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I have been recently running into integrals of the form $$\int\frac{f(x)}{x^p \pm 1}dx$$ and $$\int \frac{f(x)}{e^x \pm 1} dx$$ where $f(x)$ is ususally $x^q$ or $\sin x$. For example, $f(x) = x^3$ occurs in context of Stefan's Law and Wien's Law.

I have no idea how to proceed in such cases. Wolfram is also no help. Help with non-trivial special cases or in case of definite integration from $0$ to $\infty$ will also be much appreciated.

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    $\begingroup$ Is $p$ usually an integer? And $q$? $\endgroup$ – Harald Hanche-Olsen Feb 1 '13 at 12:17
  • $\begingroup$ As I do not have a precise question, you may assume so if it helps in answering. $\endgroup$ – dexter04 Feb 1 '13 at 12:19
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    $\begingroup$ If f(x) has a anything to do with cosx, sinx, e^x etc, you can rewrite the whole integral as a function involving complex numbers. Then you can use Cauchy's Integral Theorem, Residue theorem etc. $\endgroup$ – Applied mathematician Feb 1 '13 at 12:26
  • $\begingroup$ @JoyeuseSaintValentin: An example will be much appreciated. $\endgroup$ – dexter04 Feb 1 '13 at 12:26
  • $\begingroup$ what do you know about complex analysis? $\endgroup$ – Applied mathematician Feb 1 '13 at 12:46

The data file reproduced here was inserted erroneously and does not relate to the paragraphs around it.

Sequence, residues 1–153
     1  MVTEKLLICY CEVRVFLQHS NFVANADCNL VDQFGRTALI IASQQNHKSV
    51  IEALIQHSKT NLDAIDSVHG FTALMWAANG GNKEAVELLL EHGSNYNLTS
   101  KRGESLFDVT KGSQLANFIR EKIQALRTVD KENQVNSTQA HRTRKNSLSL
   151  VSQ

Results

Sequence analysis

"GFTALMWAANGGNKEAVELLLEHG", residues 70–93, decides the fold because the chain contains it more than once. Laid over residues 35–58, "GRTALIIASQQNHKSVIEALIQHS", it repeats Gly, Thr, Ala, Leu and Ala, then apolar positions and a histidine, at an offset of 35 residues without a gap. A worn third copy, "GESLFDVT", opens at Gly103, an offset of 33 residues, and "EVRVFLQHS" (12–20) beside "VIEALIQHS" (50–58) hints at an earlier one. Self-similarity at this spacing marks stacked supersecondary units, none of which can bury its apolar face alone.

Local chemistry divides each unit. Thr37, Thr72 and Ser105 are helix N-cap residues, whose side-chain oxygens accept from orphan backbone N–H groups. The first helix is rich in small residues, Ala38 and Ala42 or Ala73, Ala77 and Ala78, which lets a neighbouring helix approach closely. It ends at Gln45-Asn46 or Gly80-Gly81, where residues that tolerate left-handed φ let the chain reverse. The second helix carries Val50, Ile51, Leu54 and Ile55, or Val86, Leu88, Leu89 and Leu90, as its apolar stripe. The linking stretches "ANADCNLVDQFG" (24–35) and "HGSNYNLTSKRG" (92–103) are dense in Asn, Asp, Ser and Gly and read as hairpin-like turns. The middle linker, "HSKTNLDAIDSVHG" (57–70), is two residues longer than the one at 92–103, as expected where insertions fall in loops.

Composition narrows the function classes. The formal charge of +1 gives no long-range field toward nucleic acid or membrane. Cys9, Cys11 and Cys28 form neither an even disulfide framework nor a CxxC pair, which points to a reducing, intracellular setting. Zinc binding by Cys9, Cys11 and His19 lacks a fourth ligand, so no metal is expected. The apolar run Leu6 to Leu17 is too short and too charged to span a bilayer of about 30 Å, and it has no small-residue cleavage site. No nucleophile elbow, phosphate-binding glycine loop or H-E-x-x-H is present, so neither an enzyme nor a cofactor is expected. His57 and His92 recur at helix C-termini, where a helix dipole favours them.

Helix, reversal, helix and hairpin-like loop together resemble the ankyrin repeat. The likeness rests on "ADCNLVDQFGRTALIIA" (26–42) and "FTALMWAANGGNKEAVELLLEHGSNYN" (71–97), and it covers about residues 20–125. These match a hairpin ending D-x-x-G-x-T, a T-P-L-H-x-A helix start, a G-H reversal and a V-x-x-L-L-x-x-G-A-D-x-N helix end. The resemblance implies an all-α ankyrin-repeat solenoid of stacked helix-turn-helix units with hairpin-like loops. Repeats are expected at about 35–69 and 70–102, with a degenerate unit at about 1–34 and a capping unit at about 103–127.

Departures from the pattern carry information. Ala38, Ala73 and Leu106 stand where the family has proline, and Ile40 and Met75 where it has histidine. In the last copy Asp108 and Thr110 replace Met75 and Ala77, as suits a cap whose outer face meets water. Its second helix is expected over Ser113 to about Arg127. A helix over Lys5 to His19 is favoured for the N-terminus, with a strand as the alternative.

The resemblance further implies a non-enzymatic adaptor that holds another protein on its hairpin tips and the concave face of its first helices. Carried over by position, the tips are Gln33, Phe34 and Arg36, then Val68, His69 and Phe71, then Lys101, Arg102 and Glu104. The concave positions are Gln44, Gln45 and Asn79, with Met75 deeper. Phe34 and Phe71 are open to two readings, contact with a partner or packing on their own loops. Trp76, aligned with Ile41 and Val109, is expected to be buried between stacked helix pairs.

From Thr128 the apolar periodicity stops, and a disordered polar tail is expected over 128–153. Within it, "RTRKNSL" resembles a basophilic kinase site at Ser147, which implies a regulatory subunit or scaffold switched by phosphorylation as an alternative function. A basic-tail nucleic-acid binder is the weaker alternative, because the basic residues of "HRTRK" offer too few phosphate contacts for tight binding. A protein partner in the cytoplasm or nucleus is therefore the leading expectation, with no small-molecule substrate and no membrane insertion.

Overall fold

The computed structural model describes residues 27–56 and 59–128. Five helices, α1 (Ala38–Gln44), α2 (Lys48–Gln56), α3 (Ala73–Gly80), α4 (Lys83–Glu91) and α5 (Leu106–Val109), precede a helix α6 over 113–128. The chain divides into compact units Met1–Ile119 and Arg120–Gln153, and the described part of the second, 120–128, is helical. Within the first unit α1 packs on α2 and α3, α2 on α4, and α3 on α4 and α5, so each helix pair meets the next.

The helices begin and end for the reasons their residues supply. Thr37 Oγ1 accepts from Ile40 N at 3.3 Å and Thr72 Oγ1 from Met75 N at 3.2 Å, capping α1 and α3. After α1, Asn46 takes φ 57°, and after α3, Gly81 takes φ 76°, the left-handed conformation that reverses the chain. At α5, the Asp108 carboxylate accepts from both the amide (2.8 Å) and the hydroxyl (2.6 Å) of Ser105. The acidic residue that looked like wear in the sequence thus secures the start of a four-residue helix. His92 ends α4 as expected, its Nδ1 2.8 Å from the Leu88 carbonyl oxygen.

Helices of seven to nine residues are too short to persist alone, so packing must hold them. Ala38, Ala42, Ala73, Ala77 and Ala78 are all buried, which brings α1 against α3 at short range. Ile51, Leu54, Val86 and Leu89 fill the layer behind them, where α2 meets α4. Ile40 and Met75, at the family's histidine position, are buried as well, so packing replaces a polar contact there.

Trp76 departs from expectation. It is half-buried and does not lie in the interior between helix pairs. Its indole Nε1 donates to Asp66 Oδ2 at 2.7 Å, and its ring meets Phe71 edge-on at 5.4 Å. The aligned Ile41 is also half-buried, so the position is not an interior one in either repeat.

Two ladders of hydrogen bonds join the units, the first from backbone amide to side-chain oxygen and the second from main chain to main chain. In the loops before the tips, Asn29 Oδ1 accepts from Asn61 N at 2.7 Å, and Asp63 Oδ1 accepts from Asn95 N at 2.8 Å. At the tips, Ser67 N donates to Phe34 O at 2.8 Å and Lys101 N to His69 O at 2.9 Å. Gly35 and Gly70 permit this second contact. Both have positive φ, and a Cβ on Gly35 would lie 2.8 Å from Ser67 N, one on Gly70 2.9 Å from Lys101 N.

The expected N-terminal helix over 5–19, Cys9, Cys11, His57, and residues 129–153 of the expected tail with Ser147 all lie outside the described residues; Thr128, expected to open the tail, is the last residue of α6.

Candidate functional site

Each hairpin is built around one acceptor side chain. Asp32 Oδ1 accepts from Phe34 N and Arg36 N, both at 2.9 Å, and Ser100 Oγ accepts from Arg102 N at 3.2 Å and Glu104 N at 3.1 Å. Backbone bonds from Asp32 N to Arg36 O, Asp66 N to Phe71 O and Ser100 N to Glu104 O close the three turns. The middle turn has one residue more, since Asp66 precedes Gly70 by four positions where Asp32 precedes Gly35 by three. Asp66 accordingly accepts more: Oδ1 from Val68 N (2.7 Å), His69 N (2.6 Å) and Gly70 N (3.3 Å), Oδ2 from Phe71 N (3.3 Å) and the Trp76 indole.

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The definite integral of the second type may be treated by Mellin transforms. Let $$ I(q) = \int_0^\infty \frac{x^q}{e^x-1} dx = \int_0^\infty x^q e^{-x} \sum_{k\ge 0} e^{-kx} dx = \sum_{k\ge 0} \int_0^\infty x^q e^{-(k+1)x} dx$$ with $q>1.$ The inner intgral is the Mellin transform of $e^{-(k+1)x}$ evaluated at $q+1$, so that $$ I(q) = \sum_{k\ge 0} \Gamma(q+1) \sum_{k\ge 0} \frac{1}{(k+1)^{q+1}} = \Gamma(q+1) \zeta(q+1).$$ Now suppose $q$ were an odd integer $q = 2m+1$ and recall that $$\zeta(2n) = (-1)^{n+1} \frac{B_{2n} (2\pi)^{2n}}{2 (2n)!}$$ with $B_{2n}$ the Bernoulli numbers. It follows that $$I(2m+1) = (2m+1)! (-1)^m \frac{B_{2m+2} (2\pi)^{2m+2}}{2 (2m+2)!} = \frac{(-1)^m B_{2m+2} }{2(2m+2)} (2\pi)^{2m+2}.$$

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  • $\begingroup$ +1,+1, but why two separate answers? $\endgroup$ – Pedro Tamaroff May 2 '13 at 1:25
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Applying the technique from the previous post to the definite integral of the second type we obtain Let $$ J(q) = \int_0^\infty \frac{x^q}{e^x+1} dx = \int_0^\infty x^q e^{-x} \sum_{k\ge 0} (-1)^{k+1} e^{-kx} dx = \sum_{k\ge 0} (-1)^{k+1} \int_0^\infty x^q e^{-(k+1)x} dx$$ with $q>1.$ Once again the inner integral is the Mellin transform of $e^{-(k+1)x}$ evaluated at $q+1$, so that $$ J(q) = \sum_{k\ge 0} \Gamma(q+1) \sum_{k\ge 0} \frac{(-1)^{k+1}}{(k+1)^{q+1}} = \Gamma(q+1) \zeta(q+1) \left(1 - \frac{1}{2^q}\right).$$ It follows that $$J(2m+1) = \left(1 - \frac{1}{2^{2m+1}}\right) \frac{(-1)^m B_{2m+2} }{2(2m+2)} (2\pi)^{2m+2}.$$

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